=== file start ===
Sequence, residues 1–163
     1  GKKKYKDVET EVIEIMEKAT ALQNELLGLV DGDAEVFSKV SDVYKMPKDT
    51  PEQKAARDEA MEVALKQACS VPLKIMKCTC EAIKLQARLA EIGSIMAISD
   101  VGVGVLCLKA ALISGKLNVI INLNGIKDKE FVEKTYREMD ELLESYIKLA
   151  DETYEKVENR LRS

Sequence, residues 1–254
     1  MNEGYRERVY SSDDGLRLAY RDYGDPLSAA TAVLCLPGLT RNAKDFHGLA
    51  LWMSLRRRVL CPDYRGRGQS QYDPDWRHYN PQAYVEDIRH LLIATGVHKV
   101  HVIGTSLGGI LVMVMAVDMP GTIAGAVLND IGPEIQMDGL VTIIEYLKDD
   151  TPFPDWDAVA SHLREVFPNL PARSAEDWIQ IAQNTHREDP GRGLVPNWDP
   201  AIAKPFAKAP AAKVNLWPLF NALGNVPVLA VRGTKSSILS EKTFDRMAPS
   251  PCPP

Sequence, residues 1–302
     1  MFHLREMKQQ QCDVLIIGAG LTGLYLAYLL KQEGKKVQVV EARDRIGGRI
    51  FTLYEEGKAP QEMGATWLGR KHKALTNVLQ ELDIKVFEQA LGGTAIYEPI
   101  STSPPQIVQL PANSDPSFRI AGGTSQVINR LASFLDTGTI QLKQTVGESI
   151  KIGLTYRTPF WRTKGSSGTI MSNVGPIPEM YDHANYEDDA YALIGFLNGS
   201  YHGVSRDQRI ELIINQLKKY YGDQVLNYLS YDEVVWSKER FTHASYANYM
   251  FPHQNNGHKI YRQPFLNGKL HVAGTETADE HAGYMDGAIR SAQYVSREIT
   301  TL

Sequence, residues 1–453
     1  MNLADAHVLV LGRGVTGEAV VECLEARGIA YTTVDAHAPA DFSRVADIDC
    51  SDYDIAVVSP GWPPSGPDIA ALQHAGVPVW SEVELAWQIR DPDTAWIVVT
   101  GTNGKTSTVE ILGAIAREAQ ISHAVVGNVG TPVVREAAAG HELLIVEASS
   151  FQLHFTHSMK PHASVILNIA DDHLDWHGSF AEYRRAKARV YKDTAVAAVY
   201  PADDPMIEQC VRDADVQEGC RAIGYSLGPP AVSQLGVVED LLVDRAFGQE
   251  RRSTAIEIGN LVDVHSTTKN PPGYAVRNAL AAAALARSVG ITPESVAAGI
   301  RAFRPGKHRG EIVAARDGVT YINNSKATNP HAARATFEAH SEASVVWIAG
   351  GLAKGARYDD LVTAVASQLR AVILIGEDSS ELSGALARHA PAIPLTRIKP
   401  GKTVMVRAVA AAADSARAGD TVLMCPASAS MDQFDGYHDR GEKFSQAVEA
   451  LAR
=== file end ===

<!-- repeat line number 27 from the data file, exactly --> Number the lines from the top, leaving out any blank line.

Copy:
   251  RRSTAIEIGN LVDVHSTTKN PPGYAVRNAL AAAALARSVG ITPESVAAGI